Are the proposed “safe zones” in Syria a useful solution?

Are the proposed "safe zones" in Syria a useful solution?

The subject of “safe zones” in Syria has been debated for years even as civilians continue to die and flee at the hands of Bashar al-Assad’s regime and other forms of violence. However, it became a hot topic recently when US president Donald Trump said he intends to achieve this idea on the ground and ordered his administration to start planning for it.

A safe zone in Syria would mean that a piece of land would become a territory for civilians to seek refuge, that would be guarded by thousands of soldiers to make sure no one enters and the people stay protected. That would also require air crafts and drones to protect the people from air raids.

The idea was discussed greatly in two cases: in 2013, when a no-fly zone was a military option to cripple the Syrian regime’s air force; and in 2015, when a safe zone was meant to shelter refugees in northern Syria.

However, Obama administration decided not to act because he was considering the possible military outcome of that decision and the very high cost.

Donald Trump made clear his intention to undo the legacy of Barack Obama and offer a different Middle East policy. He reopened the safe-zones case again and limiting its debate to a US homeland security perspective.

Trump has already asked the departments of state and defense to produce a plan for safe zones by the end of April, according to a Syrian opposition figure based in Washington.

He said last week he would “absolutely do safe zones in Syria” for refugees escaping violence and that Europe had made a mistake by admitting millions of refugees.

Trump raised the issue publicly during an hour-long telephone call on Sunday with Saudi Arabia’s King Salman bin Abdulaziz and Sheikh Mohammed bin Zayed al-Nahyan, Abu Dhabi’s crown prince, the White House said.

“The Saudi King agreed to support the safe zones in Syria and Yemen, as well as boosting other propositions to help the many refugees who have been displaced by the ongoing conflict,” the White House said in a statement after the phone conversation.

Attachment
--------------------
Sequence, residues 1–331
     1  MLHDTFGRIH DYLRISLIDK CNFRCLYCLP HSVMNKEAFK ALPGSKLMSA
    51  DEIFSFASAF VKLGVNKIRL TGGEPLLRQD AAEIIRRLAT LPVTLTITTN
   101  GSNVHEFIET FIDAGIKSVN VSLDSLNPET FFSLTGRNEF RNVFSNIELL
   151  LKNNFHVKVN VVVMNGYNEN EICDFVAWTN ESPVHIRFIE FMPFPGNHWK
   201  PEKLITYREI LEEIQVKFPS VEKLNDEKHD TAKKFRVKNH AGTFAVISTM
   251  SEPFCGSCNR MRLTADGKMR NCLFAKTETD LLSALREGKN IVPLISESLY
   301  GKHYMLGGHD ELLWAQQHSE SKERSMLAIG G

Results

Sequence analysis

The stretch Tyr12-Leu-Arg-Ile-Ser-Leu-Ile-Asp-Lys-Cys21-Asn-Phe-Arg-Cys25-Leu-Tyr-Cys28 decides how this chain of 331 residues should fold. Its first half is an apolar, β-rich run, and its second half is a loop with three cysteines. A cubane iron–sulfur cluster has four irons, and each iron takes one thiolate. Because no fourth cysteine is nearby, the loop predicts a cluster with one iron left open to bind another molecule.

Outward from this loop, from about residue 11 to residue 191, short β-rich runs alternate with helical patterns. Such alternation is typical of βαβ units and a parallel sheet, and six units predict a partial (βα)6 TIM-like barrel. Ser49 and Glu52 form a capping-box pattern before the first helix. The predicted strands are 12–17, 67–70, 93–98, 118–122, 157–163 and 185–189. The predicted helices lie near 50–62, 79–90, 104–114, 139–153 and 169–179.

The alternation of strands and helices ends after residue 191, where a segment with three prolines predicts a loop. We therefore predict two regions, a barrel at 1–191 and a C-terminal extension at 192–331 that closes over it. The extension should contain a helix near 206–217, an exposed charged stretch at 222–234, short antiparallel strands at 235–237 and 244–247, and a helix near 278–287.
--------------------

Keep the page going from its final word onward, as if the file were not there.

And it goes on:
Russian precautions

The US decision to make the safe-zones put it again on odds with Russia, which became the prominent player in the Syrian case and forces its view of the political solution after the previous US administration was weak and lost its chance.

The Kremlin meanwhile said a plan for safe zones should be thoroughly considered.

Asked to comment on the draft executive order, Russian President Vladimir Putin’s spokesman, Dmitry Peskov, underlined the importance to “thoroughly calculate all possible consequences” of the measure. He noted on Thursday that “it’s important not to exacerbate the situation with refugees.”

Peskov said the Trump administration did not consult Russia before announcing the plan to establish safe zones.

“No, our American partners did not consult with us. It’s a sovereign decision,” Peskov said on a conference call with reporters.

“It is important that this (the plan) does not exacerbate the situation with refugees, but probably all the consequences ought to be weighed up.”

In addition, Russian Foreign Minister Sergei Lavrov said on Wednesday that U.S. President Donald Trump should be more specific about his proposal to set up safe zones in Syria and said attempts to implement a similar policy in Libya had been tragic.

Lavrov said he hoped Russia could discuss the issue with the U.S. State Department once it had drawn up more detailed plans for the safe zones.

Lavrov said he did not think, from what he knew so far, that Trump was proposing to roll out safe zones in the same way as it had been done in Libya in 2011.